Yesterday, John continued to provide us with coverage of the California Wildfires. He appeared on The Situation Room but apparently there were some technical difficulties while he was on air.
Later on in the evening, he filed a report on AC360 after having interviewed California Governor Arnold Schwarzenegger. There has been much positive response and praise for the Governor’s handling of the situation. John drew some comparisons between the public’s attitude towards Louisiana officials over two years ago and the current attitude in California:
“Anderson, you remember those days just after Katrina, when the mayor of New Orleans and the governor of Louisiana were in so much political hot water, heckled and hassled when they went out in public.Not Arnold Schwarzenegger. Walk into an evacuation center with him, there is a standing ovation. People want his autograph. They want to take his picture. Spend a day with the governor, and what you see is a bit of celebrity crisis management.”
John had an opportunity to sit down with Gov. Schwarzenegger and ask a few questions.
Here is an excerpt which aired on AC360 last night.
KING: Tell me the personal lessons you learned, both from a style standpoint and a substance standpoint, about being a leader, from watching the debacle of Katrina.
SCHWARZENEGGER: Well, I think the most important thing is, don’t sit around in your office and try to make decisions out of the office. You have got to be with the people. It’s the most important thing. You have got to go out there and you’ve got to visit all the fire sites. You’ve got to shake hands with the firefighters, you’ve got to encourage them, you have got to pump them up, you’ve got to tell them they’re the greatest in the world. You’ve got to work with the local communities, with the elected officials and with others. You have to work with the Red Cross. You have to work with the private sector. You have to call the Grocers Association to make sure they deliver food right away to all of those various different places, you know, where people stay overnight. So I think that being out there with the people is the key thing.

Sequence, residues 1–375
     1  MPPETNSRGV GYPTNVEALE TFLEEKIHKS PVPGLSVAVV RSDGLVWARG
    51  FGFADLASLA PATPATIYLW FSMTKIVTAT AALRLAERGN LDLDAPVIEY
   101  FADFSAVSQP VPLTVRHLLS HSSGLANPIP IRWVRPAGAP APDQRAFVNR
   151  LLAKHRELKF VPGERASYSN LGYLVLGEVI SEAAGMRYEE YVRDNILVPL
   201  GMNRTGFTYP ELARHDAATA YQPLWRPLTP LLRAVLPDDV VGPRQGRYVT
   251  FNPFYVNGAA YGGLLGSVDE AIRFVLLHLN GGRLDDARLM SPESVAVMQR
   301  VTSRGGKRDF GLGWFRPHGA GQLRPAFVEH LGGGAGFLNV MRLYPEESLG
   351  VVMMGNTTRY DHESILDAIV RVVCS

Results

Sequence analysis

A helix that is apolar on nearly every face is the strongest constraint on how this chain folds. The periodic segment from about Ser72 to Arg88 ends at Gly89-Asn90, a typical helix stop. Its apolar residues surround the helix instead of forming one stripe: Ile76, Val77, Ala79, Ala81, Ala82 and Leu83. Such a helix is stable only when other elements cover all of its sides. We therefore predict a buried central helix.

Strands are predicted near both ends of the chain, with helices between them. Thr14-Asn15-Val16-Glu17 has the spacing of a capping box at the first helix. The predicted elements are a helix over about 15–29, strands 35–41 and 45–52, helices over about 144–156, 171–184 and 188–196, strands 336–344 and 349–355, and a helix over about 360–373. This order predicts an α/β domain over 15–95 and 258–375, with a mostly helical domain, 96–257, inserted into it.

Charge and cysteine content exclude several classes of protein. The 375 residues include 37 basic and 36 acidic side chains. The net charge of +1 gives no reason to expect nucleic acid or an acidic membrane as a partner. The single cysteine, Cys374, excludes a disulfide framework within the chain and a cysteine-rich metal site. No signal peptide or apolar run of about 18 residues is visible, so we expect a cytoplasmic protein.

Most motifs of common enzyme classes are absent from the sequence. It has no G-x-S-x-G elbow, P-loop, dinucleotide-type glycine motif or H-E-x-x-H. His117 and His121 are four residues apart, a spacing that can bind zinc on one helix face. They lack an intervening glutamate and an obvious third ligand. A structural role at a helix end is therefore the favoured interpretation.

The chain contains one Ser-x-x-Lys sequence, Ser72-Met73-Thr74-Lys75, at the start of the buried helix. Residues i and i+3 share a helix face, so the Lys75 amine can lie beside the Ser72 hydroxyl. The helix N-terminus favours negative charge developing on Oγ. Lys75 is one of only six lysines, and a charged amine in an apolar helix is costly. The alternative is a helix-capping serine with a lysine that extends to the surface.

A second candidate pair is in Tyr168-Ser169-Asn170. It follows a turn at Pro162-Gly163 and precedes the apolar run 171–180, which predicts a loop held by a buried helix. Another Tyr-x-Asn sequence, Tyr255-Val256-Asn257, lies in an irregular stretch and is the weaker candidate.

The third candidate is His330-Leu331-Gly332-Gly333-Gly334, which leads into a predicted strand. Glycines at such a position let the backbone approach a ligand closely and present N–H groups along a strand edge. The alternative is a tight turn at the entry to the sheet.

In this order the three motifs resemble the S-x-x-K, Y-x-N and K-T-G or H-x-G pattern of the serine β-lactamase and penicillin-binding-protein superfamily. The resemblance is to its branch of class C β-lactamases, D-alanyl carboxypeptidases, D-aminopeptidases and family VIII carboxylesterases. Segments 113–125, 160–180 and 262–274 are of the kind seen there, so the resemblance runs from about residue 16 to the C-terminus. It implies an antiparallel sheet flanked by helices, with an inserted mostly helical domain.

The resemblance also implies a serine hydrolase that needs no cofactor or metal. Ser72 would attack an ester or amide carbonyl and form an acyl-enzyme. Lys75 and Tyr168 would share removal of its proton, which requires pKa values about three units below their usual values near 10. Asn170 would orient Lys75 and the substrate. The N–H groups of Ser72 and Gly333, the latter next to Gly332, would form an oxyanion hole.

KING: One of the criticisms or questions in the days after has been, some think it took too long to get California Air National Guard assets up in the air to douse the fires. Some had said it was the winds, other weather conditions. Others have said the state was slow to answer the phone or to issue the orders. What was it?
SCHWARZENEGGER: Well, I think it is very clear that we had a big disadvantage because of the winds. You know, we had 90 aircraft here in California. We had six additional aircraft from the federal government that can drop a huge load of water and chemicals and others. But we could not use some of those equipments and some of those aircrafts because of the wind conditions.
This morning, the headline at CNN.com is “Fire crews gaining upper hand as winds calm” This is at least some good news amidst all the difficult challenges the firefighters and other rescue officials are facing at the moment.
This picture was at the CNN.com homepage, which I found to be a particfularly appropriate image. It is a stark reminder of our duty to be appreciative of all the rescue personnel who are braving the harsh elements to protect American citizens and their properties.
I also read that now investigators are pretty certain that a least one of the major wildfires was due to arson. What a shame. If it had been natural causes, I can imagine many people might have somewhat of a different perspective about their losses. But to know that it was deliberately set is terribly sad indeed.
Once all the smoke and embers have died out, we should get a better understanding of what really happened to set off this extraordinary chain of events. In the days and weeks to come, CNN will no doubt provide us with coverage and analysis of the wildfire causes and origins.